The Philippine president promised Britain his country was changing its tariff regime on strong drinks, a move which would give Scotch whiskies greater access to the market, London said Wednesday.
In a meeting with President Benigno Aquino, Prime Minister David Cameron "raised the issue of alcohol tariffs, in particular their detrimental effect on Scottish whisky exports", his Downing Street office said in a statement.
"President Aquino said the matter was currently in the lower house and he hoped it would be resolved soon."
European Union countries, seeking access to the Philippines' 98-million strong population and fast-growing economy, have long complained of its high tariffs on imported distilled spirits compared with locally made drinks.
London-listed Diageo, the world-biggest alcoholic drinks producer, on Wednesday launched plans to invest Â£1.0 billion ($1.5 billion, 1.2 billion euros) in Scotch whisky production in a move that will create hundreds of jobs.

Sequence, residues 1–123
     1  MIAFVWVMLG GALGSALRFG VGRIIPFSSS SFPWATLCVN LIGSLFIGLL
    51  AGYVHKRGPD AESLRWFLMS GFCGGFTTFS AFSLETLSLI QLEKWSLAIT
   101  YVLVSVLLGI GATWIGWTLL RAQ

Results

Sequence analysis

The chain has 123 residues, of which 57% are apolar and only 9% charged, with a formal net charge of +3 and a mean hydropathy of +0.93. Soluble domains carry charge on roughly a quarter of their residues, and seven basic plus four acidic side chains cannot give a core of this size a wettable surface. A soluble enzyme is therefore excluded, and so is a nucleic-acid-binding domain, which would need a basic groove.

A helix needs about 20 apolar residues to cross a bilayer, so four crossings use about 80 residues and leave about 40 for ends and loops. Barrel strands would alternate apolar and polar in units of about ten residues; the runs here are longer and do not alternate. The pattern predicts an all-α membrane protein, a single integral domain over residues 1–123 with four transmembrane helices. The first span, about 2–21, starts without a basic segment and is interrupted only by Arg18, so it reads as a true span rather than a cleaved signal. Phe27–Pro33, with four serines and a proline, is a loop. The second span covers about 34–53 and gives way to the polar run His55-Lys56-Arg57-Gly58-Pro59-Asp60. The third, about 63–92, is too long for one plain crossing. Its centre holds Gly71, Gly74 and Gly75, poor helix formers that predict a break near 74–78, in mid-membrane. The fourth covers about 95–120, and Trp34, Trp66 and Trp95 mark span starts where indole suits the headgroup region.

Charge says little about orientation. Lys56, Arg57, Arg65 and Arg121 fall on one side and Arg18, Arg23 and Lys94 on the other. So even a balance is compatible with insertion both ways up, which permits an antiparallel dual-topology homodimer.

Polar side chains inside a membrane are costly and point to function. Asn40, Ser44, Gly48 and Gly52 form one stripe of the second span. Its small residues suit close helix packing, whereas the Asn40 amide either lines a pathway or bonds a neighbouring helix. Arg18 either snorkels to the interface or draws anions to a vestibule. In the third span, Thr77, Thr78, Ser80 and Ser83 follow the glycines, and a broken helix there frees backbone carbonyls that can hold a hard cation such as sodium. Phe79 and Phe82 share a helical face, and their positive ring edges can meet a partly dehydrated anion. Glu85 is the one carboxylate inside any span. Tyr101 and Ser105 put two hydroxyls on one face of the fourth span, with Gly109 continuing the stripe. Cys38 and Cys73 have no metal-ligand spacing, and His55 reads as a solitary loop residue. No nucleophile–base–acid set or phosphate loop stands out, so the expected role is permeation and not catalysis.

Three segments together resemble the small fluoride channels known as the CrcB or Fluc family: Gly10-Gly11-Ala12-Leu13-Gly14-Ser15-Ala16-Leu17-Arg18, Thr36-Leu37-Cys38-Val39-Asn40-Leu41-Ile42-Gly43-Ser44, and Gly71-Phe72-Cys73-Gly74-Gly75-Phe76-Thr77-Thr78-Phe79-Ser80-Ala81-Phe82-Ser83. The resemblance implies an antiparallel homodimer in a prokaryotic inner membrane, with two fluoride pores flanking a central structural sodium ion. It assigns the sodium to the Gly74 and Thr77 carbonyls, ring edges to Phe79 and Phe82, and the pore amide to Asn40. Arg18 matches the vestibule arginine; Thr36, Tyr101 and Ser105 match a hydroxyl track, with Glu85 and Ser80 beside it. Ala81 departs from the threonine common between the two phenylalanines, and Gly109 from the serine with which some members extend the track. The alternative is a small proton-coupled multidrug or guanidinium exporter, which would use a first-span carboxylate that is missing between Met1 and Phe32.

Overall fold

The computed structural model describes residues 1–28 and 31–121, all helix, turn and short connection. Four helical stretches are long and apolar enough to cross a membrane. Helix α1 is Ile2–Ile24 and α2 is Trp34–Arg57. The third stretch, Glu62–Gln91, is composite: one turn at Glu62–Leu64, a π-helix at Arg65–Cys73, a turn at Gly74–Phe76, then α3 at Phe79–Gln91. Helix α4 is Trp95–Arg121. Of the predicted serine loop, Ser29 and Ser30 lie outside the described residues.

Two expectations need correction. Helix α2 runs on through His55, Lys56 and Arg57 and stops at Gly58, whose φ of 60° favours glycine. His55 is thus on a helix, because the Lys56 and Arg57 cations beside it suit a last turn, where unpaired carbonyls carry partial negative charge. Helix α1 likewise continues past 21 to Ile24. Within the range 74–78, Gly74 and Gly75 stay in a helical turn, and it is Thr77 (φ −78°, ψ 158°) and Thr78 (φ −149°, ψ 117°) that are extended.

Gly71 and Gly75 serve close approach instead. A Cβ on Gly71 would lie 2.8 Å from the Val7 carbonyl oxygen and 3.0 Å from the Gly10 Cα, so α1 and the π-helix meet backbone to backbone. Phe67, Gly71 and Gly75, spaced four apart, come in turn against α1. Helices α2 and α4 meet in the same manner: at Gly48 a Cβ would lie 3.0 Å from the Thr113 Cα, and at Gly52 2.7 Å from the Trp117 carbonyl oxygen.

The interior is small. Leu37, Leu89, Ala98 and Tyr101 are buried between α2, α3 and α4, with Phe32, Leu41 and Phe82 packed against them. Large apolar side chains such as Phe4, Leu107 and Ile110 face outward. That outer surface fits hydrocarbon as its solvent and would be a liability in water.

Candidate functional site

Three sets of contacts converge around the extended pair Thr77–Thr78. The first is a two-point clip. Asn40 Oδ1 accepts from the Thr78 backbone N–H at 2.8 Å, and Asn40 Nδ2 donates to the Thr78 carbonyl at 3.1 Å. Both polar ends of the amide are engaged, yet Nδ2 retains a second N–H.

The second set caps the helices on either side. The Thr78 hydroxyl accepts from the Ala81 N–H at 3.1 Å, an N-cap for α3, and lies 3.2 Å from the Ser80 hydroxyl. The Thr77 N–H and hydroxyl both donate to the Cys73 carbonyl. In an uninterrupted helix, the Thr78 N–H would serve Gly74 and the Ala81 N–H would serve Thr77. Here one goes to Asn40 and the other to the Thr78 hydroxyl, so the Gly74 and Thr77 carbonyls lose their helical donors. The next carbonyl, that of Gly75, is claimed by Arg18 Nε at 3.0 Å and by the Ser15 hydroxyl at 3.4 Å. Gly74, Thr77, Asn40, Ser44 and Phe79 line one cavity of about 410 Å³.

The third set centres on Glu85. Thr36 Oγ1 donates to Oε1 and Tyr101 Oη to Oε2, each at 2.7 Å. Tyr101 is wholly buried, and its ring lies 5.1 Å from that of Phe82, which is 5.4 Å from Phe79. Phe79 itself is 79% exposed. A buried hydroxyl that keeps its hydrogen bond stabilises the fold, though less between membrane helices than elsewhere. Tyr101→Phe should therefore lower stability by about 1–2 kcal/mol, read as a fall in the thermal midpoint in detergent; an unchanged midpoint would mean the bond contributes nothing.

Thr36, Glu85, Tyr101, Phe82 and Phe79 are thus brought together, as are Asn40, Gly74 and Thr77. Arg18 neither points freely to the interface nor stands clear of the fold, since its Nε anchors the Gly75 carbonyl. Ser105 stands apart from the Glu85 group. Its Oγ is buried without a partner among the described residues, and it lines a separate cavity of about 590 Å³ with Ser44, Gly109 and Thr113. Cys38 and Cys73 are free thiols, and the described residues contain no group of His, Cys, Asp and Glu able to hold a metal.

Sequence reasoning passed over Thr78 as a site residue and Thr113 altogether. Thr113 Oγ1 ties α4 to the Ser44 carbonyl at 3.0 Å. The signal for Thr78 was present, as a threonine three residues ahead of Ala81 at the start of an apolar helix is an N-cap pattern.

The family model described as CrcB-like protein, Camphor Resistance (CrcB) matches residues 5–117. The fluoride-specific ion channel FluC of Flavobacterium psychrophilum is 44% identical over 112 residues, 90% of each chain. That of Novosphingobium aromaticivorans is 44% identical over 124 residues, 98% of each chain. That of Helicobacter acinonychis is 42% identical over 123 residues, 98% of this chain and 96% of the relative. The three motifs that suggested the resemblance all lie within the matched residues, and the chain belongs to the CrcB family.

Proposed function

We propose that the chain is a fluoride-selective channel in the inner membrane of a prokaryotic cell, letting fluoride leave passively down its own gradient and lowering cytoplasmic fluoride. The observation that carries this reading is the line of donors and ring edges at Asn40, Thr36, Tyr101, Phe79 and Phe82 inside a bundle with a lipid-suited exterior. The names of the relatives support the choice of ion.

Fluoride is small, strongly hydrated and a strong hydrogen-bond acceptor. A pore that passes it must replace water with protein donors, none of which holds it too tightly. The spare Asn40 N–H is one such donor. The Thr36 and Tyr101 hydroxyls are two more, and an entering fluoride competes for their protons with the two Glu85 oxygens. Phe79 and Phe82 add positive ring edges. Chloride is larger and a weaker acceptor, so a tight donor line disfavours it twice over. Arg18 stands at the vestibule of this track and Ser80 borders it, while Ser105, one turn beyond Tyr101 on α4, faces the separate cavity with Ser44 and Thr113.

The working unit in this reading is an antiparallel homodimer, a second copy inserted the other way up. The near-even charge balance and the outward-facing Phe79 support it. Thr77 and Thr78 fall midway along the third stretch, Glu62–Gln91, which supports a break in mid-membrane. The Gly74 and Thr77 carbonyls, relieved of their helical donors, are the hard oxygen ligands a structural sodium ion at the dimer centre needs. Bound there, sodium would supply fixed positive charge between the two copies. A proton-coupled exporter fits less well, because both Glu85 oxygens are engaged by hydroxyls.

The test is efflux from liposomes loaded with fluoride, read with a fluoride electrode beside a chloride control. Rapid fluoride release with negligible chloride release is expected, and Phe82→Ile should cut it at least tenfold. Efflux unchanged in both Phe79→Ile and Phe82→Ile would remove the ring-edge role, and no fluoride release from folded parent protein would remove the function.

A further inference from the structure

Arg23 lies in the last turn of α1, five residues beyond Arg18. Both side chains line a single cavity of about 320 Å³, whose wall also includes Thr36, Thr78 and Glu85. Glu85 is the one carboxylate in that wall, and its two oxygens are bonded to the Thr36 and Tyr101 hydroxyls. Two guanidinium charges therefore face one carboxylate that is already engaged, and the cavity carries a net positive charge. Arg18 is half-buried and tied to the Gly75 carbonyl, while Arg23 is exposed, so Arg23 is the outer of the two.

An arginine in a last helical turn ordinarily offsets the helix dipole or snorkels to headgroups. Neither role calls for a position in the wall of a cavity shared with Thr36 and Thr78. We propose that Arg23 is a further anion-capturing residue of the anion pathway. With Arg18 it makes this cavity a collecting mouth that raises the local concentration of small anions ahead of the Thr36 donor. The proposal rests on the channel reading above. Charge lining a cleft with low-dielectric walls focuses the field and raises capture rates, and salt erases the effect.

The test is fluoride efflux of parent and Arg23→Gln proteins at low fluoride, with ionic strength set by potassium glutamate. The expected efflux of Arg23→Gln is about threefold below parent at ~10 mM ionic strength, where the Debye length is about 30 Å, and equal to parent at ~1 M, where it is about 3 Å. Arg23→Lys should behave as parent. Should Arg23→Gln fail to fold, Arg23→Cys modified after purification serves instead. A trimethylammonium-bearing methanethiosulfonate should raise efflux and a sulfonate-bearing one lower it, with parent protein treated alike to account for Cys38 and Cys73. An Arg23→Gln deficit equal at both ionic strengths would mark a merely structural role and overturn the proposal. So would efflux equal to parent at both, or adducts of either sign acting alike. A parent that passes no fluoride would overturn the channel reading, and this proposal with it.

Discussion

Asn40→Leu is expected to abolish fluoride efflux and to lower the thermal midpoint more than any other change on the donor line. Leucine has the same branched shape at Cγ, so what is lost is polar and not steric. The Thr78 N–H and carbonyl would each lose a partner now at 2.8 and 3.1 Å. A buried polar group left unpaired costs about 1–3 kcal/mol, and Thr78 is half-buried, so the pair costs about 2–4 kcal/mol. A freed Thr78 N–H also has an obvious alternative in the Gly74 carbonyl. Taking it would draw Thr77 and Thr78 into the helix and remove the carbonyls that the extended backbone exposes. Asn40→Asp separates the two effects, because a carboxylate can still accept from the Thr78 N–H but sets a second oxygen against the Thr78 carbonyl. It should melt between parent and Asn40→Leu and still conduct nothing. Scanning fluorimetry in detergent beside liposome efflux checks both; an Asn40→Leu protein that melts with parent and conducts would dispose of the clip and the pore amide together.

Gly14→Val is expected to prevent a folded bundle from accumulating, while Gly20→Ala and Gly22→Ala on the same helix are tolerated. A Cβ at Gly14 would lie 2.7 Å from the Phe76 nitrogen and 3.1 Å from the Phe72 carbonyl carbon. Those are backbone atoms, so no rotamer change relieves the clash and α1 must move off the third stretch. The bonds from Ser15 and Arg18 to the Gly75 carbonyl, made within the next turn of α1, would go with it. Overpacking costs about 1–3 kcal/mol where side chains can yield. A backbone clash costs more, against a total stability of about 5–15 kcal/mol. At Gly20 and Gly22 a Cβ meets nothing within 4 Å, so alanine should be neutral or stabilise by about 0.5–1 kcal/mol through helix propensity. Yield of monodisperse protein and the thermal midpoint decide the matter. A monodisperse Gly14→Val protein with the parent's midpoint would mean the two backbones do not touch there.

Cameron also made the case for British firms seeking Philippine aerospace and infrastructure deals, Downing Street added, as Philippine airline Cebu Pacific said it had signed a $280 million engine service deal with British aircraft engine maker Rolls-Royce.
He told Aquino that "the Philippines could look to the UK as their strongest partner in Europe given their shared outlook on trade and investment".
The pair discussed Myanmar, whose opposition leader Aung San Suu Kyi is to visit Britain this month amid signs of democratic reform in the formerly military-ruled state